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Neal Hits the Books and the Court in N. Ireland

Former Maryland forward Dave Neal took two months off of basketball at the conclusion of the 2009-09 season. The Terrapins had finished 21-14 and advanced to the second round of the NCAA Tournament, far greater accomplishments than many observers believed them capable of at the season's outset.

Neal himself turned in a performance far superior to the expectations of outsiders, who looked at his 6-foot-7, 263-pound frame and initially saw merely an undersize post player in a league stocked with several more physically intimidating front courts. While admirable, Neal's numbers (8.5 points and 4.3 rebounds per game) don't do justice to the impact he had on the team. He reflected on an incredible season and decided to call it a career.

"I was kind of ready to give it up, and I was either considering going to coaching or going back to my high school and just working around the area," Neal said last week in a phone interview.

But then Neal received a phone call in June from Davidson Coach Bob McKillop, who had found an opportunity he thought Neal might want to consider: Neal could play basketball at the University of Ulster in Belfast while obtaining a master's degree in sports management.

"That's kind of hard to turn down," Neal said. "With the economy right now and the job situation, I might as well go ahead and get my masters, especially if it's going to be paid for."

Neal will depart for Northern Ireland, a place he's never been, on Aug. 26. Preseason practice starts three days later. First game is Oct. 4.

The arrangement appears to be ideal in all aspects for Neal. He'll attend class Monday through Thursday from 10 a.m. to 4 p.m. He'll practice with a team that plans to play him at his natural position -- power forward -- and to afford him the status that accompanies being the squad's lone American player.

Neal said around 250 applicants applied for the scholarship he received. In most other years, the University would have selected two American players, but because of economic constraints, only one was selected this year. Consequently, much will be expected of Neal, who said he's been told he'll play around 40 minutes per game and only come out if he's hurt or in foul trouble.

"They expect a lot out of you," Neal said. "I think I'm ready to live up to it. I'm excited to get back to competitive basketball. Now that I'm starting to work out again, I'm starting to get that itch to get back in the game and play a little five-on-five."

As part of his master's program, Neal must complete an internship in the sports management field. Should he perform well this coming season, there's a chance Neal could be selected to play next summer for the Melbourne Tigers in Australia. He'd be able to complete his internship while with the team, which has a partnership with the league in which Ulster competes.

"What this situation puts me into is it's a semipro league for a pro team in Australia," Neal said. "It's like a farm league for this team in Australia."

None of those possibilities would have been within Neal's grasp had it not been for McKillop, who has known the player and his family for a few years. The Neals housed Davidson sophomore forward Frank Ben-Eze during his final two years at Bishop O'Connell High. After Ben-Eze chose Davidson, McKillop and the Neals kept in touch, an acquaintance whose full fortunes only recently revealed themselves.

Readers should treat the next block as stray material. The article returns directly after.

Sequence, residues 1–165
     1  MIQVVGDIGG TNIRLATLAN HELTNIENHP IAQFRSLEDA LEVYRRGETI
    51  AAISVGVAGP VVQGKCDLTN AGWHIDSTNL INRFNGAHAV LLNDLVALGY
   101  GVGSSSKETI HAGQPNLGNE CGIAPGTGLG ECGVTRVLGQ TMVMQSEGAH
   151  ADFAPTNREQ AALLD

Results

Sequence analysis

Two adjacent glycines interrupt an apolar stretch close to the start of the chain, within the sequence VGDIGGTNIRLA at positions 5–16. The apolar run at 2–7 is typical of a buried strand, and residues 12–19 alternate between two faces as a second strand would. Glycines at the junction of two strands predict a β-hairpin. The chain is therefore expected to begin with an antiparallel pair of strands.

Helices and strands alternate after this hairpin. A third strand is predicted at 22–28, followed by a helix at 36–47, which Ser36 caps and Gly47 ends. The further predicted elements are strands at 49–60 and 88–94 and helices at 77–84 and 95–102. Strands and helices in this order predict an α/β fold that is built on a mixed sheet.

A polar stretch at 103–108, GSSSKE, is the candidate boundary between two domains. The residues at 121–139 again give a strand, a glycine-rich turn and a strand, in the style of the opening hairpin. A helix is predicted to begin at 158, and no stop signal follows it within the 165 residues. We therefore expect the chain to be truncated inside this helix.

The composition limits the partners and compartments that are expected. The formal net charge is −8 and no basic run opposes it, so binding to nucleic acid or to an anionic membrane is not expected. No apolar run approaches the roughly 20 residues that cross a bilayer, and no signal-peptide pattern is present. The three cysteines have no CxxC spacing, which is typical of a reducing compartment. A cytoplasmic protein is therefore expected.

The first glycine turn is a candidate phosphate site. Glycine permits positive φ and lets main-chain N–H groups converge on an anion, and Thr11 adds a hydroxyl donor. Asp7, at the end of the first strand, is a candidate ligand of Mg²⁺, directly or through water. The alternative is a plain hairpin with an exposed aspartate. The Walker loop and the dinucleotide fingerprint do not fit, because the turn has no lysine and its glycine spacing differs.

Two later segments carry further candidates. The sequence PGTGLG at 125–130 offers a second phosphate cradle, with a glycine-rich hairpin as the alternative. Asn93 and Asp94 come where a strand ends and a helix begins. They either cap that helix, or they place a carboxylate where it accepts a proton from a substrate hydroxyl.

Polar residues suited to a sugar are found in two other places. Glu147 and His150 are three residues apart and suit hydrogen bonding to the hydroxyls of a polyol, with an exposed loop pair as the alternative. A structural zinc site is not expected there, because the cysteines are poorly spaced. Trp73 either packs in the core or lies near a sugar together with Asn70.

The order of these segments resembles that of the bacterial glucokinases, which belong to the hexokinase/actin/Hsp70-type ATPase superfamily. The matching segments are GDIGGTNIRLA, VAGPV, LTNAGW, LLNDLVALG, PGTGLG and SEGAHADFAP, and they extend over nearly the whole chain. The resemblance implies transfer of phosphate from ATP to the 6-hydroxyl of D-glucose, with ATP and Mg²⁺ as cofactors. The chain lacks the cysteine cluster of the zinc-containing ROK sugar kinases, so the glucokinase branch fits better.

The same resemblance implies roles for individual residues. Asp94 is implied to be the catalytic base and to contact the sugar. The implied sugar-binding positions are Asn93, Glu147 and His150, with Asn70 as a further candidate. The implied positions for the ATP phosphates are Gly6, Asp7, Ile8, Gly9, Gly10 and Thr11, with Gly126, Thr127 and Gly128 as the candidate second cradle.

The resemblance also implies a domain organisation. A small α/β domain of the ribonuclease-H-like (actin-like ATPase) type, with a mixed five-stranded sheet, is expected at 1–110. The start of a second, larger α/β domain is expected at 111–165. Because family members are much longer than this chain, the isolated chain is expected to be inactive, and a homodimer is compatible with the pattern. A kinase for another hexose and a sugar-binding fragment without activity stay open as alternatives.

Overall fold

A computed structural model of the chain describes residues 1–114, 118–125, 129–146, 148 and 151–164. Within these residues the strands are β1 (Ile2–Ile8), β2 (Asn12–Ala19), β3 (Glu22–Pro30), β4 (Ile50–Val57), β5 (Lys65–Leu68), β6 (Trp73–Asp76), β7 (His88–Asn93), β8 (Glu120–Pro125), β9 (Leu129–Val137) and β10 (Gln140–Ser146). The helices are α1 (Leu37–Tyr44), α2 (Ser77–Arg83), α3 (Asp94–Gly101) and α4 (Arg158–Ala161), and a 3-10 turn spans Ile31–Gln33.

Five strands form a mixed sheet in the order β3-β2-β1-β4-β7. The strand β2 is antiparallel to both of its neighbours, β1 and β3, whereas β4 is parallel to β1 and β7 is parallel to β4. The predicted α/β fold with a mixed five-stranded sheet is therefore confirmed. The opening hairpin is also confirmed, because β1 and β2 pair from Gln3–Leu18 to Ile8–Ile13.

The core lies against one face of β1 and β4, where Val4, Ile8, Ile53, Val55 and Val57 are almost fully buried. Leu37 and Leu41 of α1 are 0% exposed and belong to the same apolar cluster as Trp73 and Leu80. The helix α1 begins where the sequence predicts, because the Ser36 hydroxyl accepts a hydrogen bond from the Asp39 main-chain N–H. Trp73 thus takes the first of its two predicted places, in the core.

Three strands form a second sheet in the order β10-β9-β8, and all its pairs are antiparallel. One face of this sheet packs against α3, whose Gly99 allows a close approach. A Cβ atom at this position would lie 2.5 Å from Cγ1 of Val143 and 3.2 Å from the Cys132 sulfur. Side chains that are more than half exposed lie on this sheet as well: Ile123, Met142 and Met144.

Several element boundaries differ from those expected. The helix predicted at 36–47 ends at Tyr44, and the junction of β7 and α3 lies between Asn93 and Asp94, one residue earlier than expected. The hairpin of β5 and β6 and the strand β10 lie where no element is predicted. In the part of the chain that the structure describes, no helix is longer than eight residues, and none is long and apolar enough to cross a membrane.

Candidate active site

McKillop first conducted a basketball clinic in Northern Ireland in the late 1990s. He has since done three more. Additionally, McKillop has recruited two Irish players to Davidson through the years -- Michael Bree ('02) and Conor Grace ('05). While establishing a presence in Ireland, McKillop developed friendships with Deirdre Brennan, Ulster's head coach, and the program's director, Lilly Conor.

"When they asked me about candidates for their position, David Neal was the perfect fit," McKillop wrote in an e-mail. "They were looking for someone who was well coached, had college playing experience at a very high level, was serious about academics,and stood out because of his integrity, teamwork, and high basketball IQ."

Brennan and her husband traveled to Virginia to meet with Neal over the Fourth of July, and Neal signed on soon after.

Aside from the academic and athletic perks of the deal, Neal said he also is excited to experience the culture in Northern Ireland and to play some of the country's esteemed golf courses.

"In Belfast, there's a lot to do, but in Northern Ireland I hear it's more of a country atmosphere, so it'll be a little bit different," Neal said. "I've always wanted to travel, and hopefully this will be the beginning of my travels around the world."

By Steve Yanda  |  August 17, 2009; 1:07 PM ET
Categories:  Men's basketball  
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Comments

Cool story, Steve - thanks for that update on Dave Neal.

Posted by: Kev29 | August 17, 2009 1:32 PM | Report abuse

"I might as well go ahead and get my masters"

He's come a long way from the kid whose original SAT score did not meet the NCAA minimum. Dave Neal is like a living, breathing, Disney movie.

Posted by: Barno1 | August 17, 2009 4:34 PM | Report abuse

Great opportunity for a good guy. His future looks very exciting. Best of luck to him.

Posted by: erniegogo | August 17, 2009 5:20 PM | Report abuse

Wow Terrapin "Insider". Good job regurgitating the exact same story that Patrick Stevens wrote for the Washington Times last week. Do you just read other blogs and then call the same sources, ask the same questions, and then "report" the same story?

Posted by: mikeinrockville | August 18, 2009 2:30 PM | Report abuse

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